Home Coffee making Green tea is good for your health, but the marketing passes it off as a “superfood”. It’s not

Green tea is good for your health, but the marketing passes it off as a “superfood”. It’s not

0

gReen tea continues to be a popular diet and fitness trend, proponents of which consider it a “superfood” for its marketed health benefits such as weight loss, improved heart health and antioxidant content. It seems that a large portion of people think their weight loss journey is incomplete without at least three cups of green tea a day. Sometimes people also sweeten it with honey which makes it unsuitable for weight loss. There is no doubt that it is an excellent source of catechins like epigallocatechin gallate or EGCG which act as antioxidants and are linked to numerous health benefits. Nevertheless, green tea alone cannot provide the desired result and excessive consumption can also lead to serious side effects.

The benefits of ECGC in green tea have been widely studied, but the results so far haven’t produced enough strong evidence that it works to detoxify your body, treat disease, and promote longevity. Health and longevity are determined by several factors, including a diverse diet of which green tea could be a part.


Read also : Herbal teas are soothing but not a solution for PCOS. Focus on lifestyle modification instead


Evidence of the benefits of green tea

Green tea contains antioxidants which are beneficial for overall health. However, it is necessary to critically evaluate the specific claims of this drug for weight loss and healthy aging, cancer prevention and improved brain function.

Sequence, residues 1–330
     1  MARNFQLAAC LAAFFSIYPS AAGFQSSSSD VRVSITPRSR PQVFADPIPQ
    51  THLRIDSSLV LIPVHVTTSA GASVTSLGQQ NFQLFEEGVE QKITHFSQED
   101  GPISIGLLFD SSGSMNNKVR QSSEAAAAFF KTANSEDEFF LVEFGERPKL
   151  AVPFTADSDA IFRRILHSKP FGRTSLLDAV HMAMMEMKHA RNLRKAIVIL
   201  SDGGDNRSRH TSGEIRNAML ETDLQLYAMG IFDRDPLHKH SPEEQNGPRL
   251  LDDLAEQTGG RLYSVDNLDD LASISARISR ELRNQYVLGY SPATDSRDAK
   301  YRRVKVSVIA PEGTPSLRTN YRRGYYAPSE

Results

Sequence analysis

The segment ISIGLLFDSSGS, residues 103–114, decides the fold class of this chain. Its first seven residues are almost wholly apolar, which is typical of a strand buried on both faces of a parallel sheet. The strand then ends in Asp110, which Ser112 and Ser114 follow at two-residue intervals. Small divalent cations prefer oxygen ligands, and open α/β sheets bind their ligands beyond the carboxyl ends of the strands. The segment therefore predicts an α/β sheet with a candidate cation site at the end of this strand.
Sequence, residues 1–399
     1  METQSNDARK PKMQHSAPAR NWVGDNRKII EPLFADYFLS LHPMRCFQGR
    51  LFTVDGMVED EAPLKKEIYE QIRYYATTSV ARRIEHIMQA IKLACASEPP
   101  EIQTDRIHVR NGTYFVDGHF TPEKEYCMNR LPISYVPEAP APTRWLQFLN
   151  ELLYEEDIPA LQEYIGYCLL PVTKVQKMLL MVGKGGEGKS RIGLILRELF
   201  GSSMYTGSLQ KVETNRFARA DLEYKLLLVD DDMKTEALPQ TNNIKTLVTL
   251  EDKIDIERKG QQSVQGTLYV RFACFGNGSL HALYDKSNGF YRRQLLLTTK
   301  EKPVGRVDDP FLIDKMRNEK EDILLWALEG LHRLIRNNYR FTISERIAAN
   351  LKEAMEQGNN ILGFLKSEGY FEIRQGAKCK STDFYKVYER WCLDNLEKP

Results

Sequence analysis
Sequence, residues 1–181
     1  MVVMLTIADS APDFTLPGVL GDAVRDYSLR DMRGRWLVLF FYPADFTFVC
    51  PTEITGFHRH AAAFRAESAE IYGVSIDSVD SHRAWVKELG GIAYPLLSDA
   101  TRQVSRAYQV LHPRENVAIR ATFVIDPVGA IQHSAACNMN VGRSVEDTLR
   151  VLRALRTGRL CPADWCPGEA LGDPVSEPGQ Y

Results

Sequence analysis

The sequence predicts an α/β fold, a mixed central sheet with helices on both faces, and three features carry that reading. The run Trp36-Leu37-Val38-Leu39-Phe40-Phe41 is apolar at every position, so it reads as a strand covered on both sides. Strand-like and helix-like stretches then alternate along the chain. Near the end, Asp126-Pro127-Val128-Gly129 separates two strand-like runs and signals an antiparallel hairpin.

Green tea is heavily promoted for its fat burning and metabolism enhancing effects. The proposal is based on the observation that tea catechins prevent obesity by increasing thermogenesis. However, clinical trials have not tested this hypothesis. Almost all commercially available “fat burners” contain green tea extract as an ingredient. These “fat burners” also have dangerous side effects.

Green tea is also associated with a reduced risk of diabetes. A meta-analysis studied 17 randomized controlled trials (RCTs) and concluded that green tea reduced fasting blood glucose and glycated hemoglobin – two biomarkers of type 2 diabetes. Similar results were seen in a cohort study retrospective from Japan involving 17,413 participants. However, limitations include self-reported diabetes and lack of consideration for other dietary factors.

Researchers have found an association between ECGC and a lower risk of cancers such as breast cancer, prostate cancer, lung cancer. Most of the evidence, however, is epidemiological, observational, or based on a mouse model. There are no RCTs with significant evidence to establish the effect of ECGC in cancer prevention. Likewise, there are multiple mechanistic data suggesting that green tea polyphenols like ECGC, theaflavins and catechins could prevent the neurodegenerative effects of diseases such as Alzheimer’s disease or Parkinson’s disease. However, clinical studies on humans are still not available to support this claim.